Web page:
Alinghi Takes the Cup Back to Europe

Stuart Streuli

The fat lady is yodeling. The Team New Zealand era of America's Cup supremacy came to an inauspicious close today when the Alinghi Challenge of Switzerland won the fifth and deciding race against an overmatched Kiwi defense in the 31st contest for sailing's oldest prize.

On a stunning day for sailboat racing on the turquoise waters of the Hauraki Gulf, the former TNZ skipper Russell Coutts--with able support from his longtime wingman, Brad Butterworth--put forth yet another flawless effort to win the America’s Cup for the third consecutive time. In doing so, he also recorded his fourteenth victory in Cup competition, setting a new mark for excellence in the event and cementing his reputation as one of the top skippers in the Cup’s storied history.

For the third time in five races, Coutts and his mates also received help from their Kiwi opponents, who once again suffered gear damage aboard their disappointing, fragile NZL-82. This time it was a broken spinnaker pole on the race’s second downwind run. At that juncture, however, the Swiss squad already had the race well under control.

In fact, they took command at the outset and never allowed the New Zealanders the opportunity to win at least one race in a regatta in which they never got on track.

With a steady northeast breeze of 13 to 15 knots, racing commenced on schedule with the Swiss entering the starting box from starboard and the Kiwis coming in from port. In perhaps their only small mistake of the series, Alinghi was a tad late on their approach allowing the Kiwis to cross on port tack and dictate the early action.

With just under two minutes to the starting gun, Team New Zealand was well positioned to leeward of Alinghi as both boats hardened up for the final approach. But Coutts and Butterworth timed their dash to the line perfectly, crossing the line to weather of NZL-82 at speed as the starting rifle fired.

The Swiss had a lead they’d never relinquish.

In the ideal mid-range conditions, Alinghi was once again in perfect synch and launched off the line, sailing both faster and higher than their Kiwi counterparts. And once again, Butterworth had his boat ideally situated for the first windshift of the leg, a slight righty that almost immediately added to their early lead.

Five minutes into the race, Butterworth reported to Coutts the precise information he wanted to hear: "A little higher, a little quicker." It was a trend that would continue for the duration of the race.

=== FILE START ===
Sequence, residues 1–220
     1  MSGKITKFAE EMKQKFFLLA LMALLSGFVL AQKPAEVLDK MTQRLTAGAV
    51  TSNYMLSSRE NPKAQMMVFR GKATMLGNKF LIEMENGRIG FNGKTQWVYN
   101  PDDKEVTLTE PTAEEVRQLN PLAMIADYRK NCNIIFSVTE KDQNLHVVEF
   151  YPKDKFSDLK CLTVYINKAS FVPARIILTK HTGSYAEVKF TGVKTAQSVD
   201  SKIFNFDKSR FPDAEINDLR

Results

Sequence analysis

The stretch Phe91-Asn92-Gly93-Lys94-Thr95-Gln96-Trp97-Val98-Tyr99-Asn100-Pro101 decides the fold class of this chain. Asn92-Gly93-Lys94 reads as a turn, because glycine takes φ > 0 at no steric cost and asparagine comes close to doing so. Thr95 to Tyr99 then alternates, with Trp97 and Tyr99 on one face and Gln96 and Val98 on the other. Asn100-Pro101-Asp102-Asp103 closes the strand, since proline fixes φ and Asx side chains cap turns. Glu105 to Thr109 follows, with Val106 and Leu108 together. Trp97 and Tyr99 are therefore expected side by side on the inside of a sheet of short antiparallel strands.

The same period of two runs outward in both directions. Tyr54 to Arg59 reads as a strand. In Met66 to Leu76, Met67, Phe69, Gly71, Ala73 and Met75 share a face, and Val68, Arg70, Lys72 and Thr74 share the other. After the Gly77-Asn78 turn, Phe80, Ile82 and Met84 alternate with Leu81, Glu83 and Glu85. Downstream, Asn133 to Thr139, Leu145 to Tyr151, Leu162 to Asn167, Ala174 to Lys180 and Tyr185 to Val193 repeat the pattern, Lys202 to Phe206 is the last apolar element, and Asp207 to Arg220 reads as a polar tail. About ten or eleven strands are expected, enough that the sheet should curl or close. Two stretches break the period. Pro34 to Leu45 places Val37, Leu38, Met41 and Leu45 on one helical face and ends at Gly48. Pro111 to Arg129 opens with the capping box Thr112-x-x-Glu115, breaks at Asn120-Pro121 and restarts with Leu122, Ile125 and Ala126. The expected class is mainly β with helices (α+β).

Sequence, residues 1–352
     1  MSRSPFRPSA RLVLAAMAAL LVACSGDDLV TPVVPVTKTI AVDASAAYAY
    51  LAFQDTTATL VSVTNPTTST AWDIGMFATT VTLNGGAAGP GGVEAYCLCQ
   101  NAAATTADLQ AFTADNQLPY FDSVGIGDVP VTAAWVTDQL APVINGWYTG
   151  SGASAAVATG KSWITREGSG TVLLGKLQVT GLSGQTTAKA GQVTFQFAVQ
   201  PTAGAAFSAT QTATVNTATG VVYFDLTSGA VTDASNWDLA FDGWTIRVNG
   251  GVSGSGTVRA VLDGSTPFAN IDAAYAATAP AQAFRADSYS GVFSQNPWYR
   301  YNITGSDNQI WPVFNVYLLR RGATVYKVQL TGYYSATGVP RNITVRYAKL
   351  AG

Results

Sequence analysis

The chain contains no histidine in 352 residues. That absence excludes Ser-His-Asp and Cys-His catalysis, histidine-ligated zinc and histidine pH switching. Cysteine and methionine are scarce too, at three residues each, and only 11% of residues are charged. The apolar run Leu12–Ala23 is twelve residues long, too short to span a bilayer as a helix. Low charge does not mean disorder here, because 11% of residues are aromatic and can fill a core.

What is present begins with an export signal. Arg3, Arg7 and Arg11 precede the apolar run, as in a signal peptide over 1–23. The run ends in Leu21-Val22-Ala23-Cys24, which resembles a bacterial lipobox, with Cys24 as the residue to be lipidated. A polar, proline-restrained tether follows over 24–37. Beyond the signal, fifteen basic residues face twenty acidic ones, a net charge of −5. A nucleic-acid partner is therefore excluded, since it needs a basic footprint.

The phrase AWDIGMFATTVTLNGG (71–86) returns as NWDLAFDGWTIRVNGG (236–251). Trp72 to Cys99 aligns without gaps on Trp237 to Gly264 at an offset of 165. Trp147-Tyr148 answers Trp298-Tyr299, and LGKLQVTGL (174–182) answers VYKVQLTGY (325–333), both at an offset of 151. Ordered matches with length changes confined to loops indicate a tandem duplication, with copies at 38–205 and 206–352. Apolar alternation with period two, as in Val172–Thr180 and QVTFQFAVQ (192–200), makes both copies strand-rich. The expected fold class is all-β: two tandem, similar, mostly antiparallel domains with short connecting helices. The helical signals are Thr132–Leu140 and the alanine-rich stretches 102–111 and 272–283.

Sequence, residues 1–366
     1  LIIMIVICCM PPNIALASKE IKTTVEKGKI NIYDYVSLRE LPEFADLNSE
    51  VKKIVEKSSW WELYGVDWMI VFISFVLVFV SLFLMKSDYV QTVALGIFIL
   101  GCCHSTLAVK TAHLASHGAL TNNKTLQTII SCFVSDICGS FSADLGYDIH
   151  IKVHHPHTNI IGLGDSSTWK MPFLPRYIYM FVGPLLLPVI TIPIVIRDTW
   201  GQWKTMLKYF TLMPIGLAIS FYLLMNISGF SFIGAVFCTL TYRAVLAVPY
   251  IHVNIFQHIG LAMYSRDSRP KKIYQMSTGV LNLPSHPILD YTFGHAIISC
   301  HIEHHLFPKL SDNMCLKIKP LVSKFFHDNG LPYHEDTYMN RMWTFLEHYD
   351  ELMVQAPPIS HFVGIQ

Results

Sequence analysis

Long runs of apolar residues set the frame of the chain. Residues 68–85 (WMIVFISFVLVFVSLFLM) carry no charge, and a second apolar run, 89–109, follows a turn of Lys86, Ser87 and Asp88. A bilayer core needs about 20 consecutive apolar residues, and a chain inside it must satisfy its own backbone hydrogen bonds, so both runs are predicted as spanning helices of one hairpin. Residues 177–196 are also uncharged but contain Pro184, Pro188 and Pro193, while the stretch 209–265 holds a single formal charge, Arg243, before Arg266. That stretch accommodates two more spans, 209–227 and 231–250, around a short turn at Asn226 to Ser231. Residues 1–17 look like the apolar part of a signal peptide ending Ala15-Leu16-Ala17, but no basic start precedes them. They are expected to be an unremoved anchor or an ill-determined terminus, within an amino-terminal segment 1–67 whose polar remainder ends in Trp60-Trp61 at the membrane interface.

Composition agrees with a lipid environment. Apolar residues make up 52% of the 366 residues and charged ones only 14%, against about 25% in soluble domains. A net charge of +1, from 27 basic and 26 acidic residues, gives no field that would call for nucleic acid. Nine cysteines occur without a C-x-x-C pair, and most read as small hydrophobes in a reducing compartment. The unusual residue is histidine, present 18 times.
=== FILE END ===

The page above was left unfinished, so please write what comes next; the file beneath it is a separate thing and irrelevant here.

At the top mark, the wind had veered a full 17 degrees from the starting direction of 025 and the Swiss boat rounded 21 seconds ahead of the Kiwis. With aggressive sailing on the first run and a pair of excellent jibes, the New Zealanders closed that delta to 18 seconds.

At least theoretically, the Kiwis were still in the race. And to their credit, they never gave up. But on this day, and in this regatta, they never truly had a chance.

Working up the second beat, the Kiwis initiated a tacking duel but Alinghi matched them at every turn. Still, at the midway point of the race the New Zealanders had shaved another two seconds off Alinghi’s lead, rounding 16 seconds in arrears.

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| Stuart Streuli|

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| Hoping to mix things up a bit, Team New Zealand set an asymmetric spinnaker on Leg 4 while Alinghi flew a symmetric chute. It didn't help close the gap.* * *|

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As on the first run, Alinghi once again set a symmetrical spinnaker. But the New Zealanders, at this juncture quickly running out of options, hoisted a symmetrical chute. Two thirds of the way down the run, however, the pole’s outboard end shattered after making contact with the headstay. The error helped the Swiss-flagged boat to open up a lead of 31 seconds.

Clearly, history was being made on the Hauraki Gulf.

Only a catastrophic breakdown could’ve prevented the result that was now inevitable. As cloud cover descended over the waters, Coutts kept Alinghi on course for the final windward-leeward to win the Cup with a performance for the ages. As the champagne bottles were being passed aboard Alinghi, NZL-82 crossed the finish line with a clear view of the Swiss boat’s transom. The final delta was 45 seconds.

With hindsight, it was never really that close. Now, for the first time in over a century-and-a-half, the America’s Cup is bound for Europe. And Team New Zealand will be left with the long, tough task of figuring out what exactly went wrong. "They completely dominated us," said the Kiwi skipper, Dean Barker, who sailed admirably but whose steed could not compete with the all-around excellence of Alinghi. "They put together a faultless performance."

There was nothing else to say.